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This story is suitable for children age 6 to 8 approx.

Lincolns unvarying kindness.

By FANNY E. COE
From The Book of Stories for the Storyteller by Fanny E. Coe.

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Abraham Lincoln, the great President of the United States, loved not only men, women and children, but animals as well. If he saw an animal in trouble of any sort he always stopped to aid it. Even in the most crowded day he found time to be merciful. When Abraham was twenty-one he helped his father to move to the West. Other friends went, too. They packed their goods in large waggons drawn by oxen. It was quite a little company. They started on their journey in February. The roads were heavy with frost and mud. There were no bridges, and so the streams must be forded. Again and again they had to break the ice to let the wheels pass. At one of these fords a little dog was left behind on the farther shore. He ran up and down the bank and howled pitifully, but no one seemed to notice him. At last tall, bony Abe Lincoln turned. The dog looked pleadingly at him. "Am I to be left behind to die in this wilderness?" his soft dark eyes seemed to say. Lincoln hesitated. The water of the river was icy cold. However, he took off his shoes, turned up his trousers, and waded across. He caught up the shivering little animal, which licked his hands and face in a very passion of gratitude. When Lincoln set him down on the right side of the river, the little dog showed his gladness by leaping upon everyone and barking wildly. "His frantic leaps of joy repaid me for what I had done," said Lincoln.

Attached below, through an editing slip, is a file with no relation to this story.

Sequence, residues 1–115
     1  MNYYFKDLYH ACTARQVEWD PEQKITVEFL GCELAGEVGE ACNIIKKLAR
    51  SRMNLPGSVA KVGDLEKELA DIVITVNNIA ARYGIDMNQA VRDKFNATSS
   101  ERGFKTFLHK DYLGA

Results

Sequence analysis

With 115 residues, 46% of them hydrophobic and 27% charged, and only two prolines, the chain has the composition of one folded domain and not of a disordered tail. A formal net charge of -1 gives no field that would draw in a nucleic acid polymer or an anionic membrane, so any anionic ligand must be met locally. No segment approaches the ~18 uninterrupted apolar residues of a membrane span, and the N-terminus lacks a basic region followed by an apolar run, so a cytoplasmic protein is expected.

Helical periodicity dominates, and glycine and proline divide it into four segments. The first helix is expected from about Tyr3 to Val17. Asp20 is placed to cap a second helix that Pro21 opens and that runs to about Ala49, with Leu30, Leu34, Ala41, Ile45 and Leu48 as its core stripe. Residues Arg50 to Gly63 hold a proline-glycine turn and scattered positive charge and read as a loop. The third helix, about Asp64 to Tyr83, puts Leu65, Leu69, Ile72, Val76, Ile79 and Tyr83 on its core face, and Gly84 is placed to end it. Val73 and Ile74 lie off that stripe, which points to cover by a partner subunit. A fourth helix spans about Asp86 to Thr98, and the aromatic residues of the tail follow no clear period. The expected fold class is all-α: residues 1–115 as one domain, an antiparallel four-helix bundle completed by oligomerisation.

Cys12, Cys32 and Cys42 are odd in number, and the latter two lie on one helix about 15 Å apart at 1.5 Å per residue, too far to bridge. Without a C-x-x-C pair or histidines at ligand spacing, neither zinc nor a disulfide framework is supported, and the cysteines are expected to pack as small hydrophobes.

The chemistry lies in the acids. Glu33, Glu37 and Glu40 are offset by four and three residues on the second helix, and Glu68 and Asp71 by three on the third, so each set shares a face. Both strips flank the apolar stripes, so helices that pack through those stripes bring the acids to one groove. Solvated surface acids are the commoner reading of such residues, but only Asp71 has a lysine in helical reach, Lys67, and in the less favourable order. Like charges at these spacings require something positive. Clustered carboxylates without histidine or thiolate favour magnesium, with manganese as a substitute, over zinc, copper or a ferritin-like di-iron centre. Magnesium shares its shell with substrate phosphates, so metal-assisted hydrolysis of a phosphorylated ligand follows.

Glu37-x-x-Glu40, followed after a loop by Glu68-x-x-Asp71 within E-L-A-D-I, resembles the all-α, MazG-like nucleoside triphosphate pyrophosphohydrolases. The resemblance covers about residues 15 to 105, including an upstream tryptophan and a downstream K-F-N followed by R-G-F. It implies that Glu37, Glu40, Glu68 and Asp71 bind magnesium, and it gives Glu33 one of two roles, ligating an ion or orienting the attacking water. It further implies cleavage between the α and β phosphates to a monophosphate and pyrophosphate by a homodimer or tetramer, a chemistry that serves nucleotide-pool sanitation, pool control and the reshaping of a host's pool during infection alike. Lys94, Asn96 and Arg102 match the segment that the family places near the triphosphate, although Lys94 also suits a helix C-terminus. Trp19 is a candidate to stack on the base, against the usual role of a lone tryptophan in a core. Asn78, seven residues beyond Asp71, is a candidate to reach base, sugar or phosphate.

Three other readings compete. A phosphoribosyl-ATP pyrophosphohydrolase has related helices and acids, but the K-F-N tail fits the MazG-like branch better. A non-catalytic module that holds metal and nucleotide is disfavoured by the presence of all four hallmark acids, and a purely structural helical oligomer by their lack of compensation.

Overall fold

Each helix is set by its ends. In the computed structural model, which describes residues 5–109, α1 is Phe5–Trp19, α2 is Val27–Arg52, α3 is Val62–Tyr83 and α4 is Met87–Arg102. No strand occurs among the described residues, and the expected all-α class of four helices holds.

Years afterward, when Lincoln was a busy lawyer, he was one day riding to court on horseback. With him were some friends of his who were also lawyers. The small party had some distance to go. The day was warm and the roadsides were soft with spring mud. Suddenly their gay talk was interrupted. "Cheep! cheep! cheep!" they heard. On the ground, not far from the roadside, two little birds lay in the grass. They had fallen from the nest in the tree above them. Their mother fluttered about, uttering pitiful cries. "See those young robins that have fallen from their nest," said one man. "That's too bad," said another. "They are sure to die down there." "Some cat will get them," said a third. On they went, but soon they missed Abraham Lincoln. They looked behind, but a turn of the road hid him from sight. "We can guess what kept him," laughed the leader. "He has stopped to put those robins back into their nest." They were right. Abraham Lincoln was even then climbing the tree to the nest with the tiny birds cuddled tenderly in one big kind hand.



Soon he rejoined his friends. One of them raised his riding-whip and pointed at Lincoln's muddy boots. "Confess now, old Abe," he said, "wasn't it those young robins that kept you?" "We know you, old fellow!" said another. "Yes, boys, you are right," Lincoln replied. "But if I hadn't put those birds back into the nest I shouldn't have slept a wink all night." Here is another story of the great-hearted Lincoln. He passed a beetle one day that was sprawling upon its back. It was kicking hard in its efforts to turn over. Lincoln stooped and set it right. "Do you know," he said to the friend beside him, "I shouldn't have felt just right if I'd left that insect struggling there. I wanted to put him on his feet and give him a chance with all the other beetles." Another time Lincoln and a party of lawyers were riding from one town to another to attend court. Each lawyer wore his best clothes. Lincoln was most careful of his well-worn suit. On the road the party passed a small pig that had fallen into a ditch. The poor little creature cried in a most pitiful fashion. At a bend of the road Lincoln drew rein. His friends rode on, but he returned. He jumped into the muddy ditch, lifted up the helpless pig, and placed him again on solid ground. Then he galloped after the others. The splashes of mud told their own story. His friends laughed at the big man with the tender heart. "I could not do otherwise," said Lincoln.

       



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